I found the script to be convoluted and at times hard to follow. This was mainly due to the fact that unless you have a solid grasp of history – and especially Paris in the 1920s – than many of the references will pass you by. I mean I knew many of the big names that Gil encounters, like Hemingway, Fitzgerald and Cole Porter but not enough about them to get all the little points about their characters. Indeed I knew more about Lautrec and Degas in the 3rd period towards the end of the film. You sometimes lose track of all the different characters at times as well with more and more iconic artists being thrown into the mix.

I think that there were much better films nominated in other categories, let alone created in the last year than Midnight In Paris. I cannot really see what it is that justifies its Best Picture nomination other than the fact that it is directed by Woody Allen (also nominated for Best Director). If that is the case I can’t help but feel that the film has been put forward purely on the reputation of Woody Allen rather than on its own merit as an individual film.

Oscars Update

In the last few days I have managed to watch more of the films nominated in this years Oscars so I thought I would update my views on the nominations.

Hugo

Director: Martin Scorsese

The sets are incredible with a labyrinthine feel to them. They just look so much fun to play in. The red, white and blue colour motif runs throughout the film in sets, costumes and lighting. The film has rich layers of sound and a very French feeling to the soundtrack. The same section of music is played at numerous points in the film. I have to say that they are all very English Parisians!

The fire that kills Jude Law (who incidentally is only in the film for about 15 minutes tops) is not one of the most believable special effects I have seen in recent years – could be due to watching a 3D movie in 2D but then it shouldn’t really have made any difference. In fact a number of the special effects are suspect (the clockwork mouse springs to mind).

Sacha Baron Cohen is very funny as the bumbling station inspector with a jumped up sense of importance. Solid performances from the entire cast although some well-known names underused, such as Christopher Lee, Richard Griffiths and Frances De la Tour.

The bookshop is exquisite but then I am a book lover and can easily see myself spending days exploring it. The automaton is beautiful – the level of detail that went into the clockwork is incredible. The archive footage of very early films really appeals to me as a film graduate and intercuts nicely with the narrative. However the references in the second half of the film, like to Melies and the Lumiere brothers may be lost to any one without any knowledge of the history of film. Indeed I was talking to my mum about those elements of the film and she confessed that I had lost her when I mentioned Melies and La Voyage dans la Lune. I enjoyed the film but I wasn’t blown away by it.

Bridesmaids

Director: Paul Feig

I have to confess that while I enjoyed Bridesmaids immensely I didn’t find it as laugh-out-loud funny as I was expecting it to be. By far the funniest character is Melissa McCarthy’s Megan and the Oscar nomination is well deserved. She is delightfully crude while at the same time being the sweet, caring and understanding presence needed within the film – the only one who realizes that Annie (Kristen Wiig) is having a really hard time and goes out of her way to help her.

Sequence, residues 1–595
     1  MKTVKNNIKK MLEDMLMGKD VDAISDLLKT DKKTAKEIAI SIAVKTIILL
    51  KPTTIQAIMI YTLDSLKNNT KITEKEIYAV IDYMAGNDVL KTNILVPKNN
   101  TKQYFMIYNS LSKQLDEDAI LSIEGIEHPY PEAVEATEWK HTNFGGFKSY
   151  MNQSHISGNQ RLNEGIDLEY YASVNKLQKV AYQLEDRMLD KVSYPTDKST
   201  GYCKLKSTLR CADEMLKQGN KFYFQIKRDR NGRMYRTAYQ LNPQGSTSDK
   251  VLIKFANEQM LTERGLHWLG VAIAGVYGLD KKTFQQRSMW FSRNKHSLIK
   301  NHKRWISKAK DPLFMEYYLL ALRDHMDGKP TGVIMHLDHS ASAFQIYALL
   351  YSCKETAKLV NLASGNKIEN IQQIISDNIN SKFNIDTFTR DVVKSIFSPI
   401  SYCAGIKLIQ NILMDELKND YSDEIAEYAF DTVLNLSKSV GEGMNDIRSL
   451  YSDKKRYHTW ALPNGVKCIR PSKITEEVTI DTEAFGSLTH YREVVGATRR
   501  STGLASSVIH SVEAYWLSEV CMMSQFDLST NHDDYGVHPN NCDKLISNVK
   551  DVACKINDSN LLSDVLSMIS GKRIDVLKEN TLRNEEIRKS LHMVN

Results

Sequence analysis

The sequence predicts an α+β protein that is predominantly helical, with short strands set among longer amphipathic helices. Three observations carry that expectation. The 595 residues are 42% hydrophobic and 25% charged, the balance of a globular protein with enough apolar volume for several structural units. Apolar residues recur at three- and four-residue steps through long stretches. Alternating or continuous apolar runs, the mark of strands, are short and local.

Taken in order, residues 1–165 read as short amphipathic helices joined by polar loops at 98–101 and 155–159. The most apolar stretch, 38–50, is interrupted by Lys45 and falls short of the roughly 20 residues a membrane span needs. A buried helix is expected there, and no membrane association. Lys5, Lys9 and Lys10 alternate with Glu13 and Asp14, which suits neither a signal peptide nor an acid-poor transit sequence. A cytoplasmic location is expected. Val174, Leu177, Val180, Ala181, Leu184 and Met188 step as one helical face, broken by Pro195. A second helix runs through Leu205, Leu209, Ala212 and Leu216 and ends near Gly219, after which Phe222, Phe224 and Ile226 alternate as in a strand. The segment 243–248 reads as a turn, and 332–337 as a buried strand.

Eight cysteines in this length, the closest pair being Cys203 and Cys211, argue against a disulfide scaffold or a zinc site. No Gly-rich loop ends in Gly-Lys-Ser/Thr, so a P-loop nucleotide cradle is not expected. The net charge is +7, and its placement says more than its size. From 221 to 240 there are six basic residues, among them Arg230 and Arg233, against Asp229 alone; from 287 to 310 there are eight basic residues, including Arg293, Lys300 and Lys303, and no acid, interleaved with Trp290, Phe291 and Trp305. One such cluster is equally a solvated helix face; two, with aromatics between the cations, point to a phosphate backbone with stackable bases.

Transformers: Dark Side Of The Moon

Director: Michael Bay

Once again the special effects were absolutely excellent – you totally believe that the Autobots and Decepticons are real despite it being a ridiculous premise (I love the Transformers films but you have to agree it really is). The sound editing and mixing is flawless and continues the unique sound from the previous Transformers films.

You can say what you like about Michael Bay (and Dr K does loudly and often!) but I like the Transformers movies. They don’t attempt to be anything other than what they are (which is robots hitting each other) in sublime detail with a surprisingly emotional centre and an excellent cast capably led by Shia LaBeouf (who is a brilliant young actor in my opinion!)

Moneyball

Director: Bennett Miller

Mark Kermode says “It’s a baseball film that isn’t about baseball” and I agree with him. You actually see very little baseball being played as it is more about trying to overcome the problem of money while trying to change the minds and attitudes of men very much set in their ways. It’s an interesting film that has been shot well.

Brad Pitt gives a quiet but powerful performance as Billy Beane, the general manager taking a risk to try to improve is team and in doing so helping a number of players, perhaps floundering in their careers, along the way. I’m not a Jonah Hill fan but I really enjoyed watching him in this film. He gives  very straight and thoughtful performance with little humour but it works. And it’s a brilliant partnership between Pitt and Hill.  I still think it is Clooney’s year however good Pitt’s performance is.

The Help

Director: Tate Taylor

So far my stand out film in the running for Best Picture. Emma Stone is spectacular as passionate Skeeter and should really have been nominated. I like to think that I would be one of the people who would stand up for what they believe in no matter what the climate and therefore connected strongly with Skeeter. Many of the women come off badly thanks in large part to their views, attitudes and treatment of ‘the help’, although their characters are demonstrative of the time the film is set. Viola Davies’ Aibileen is the heart of the film and the driving force behind it and not just because she narrates the film. Her performance is striking and emotional and her Best Actress nomination is well deserved.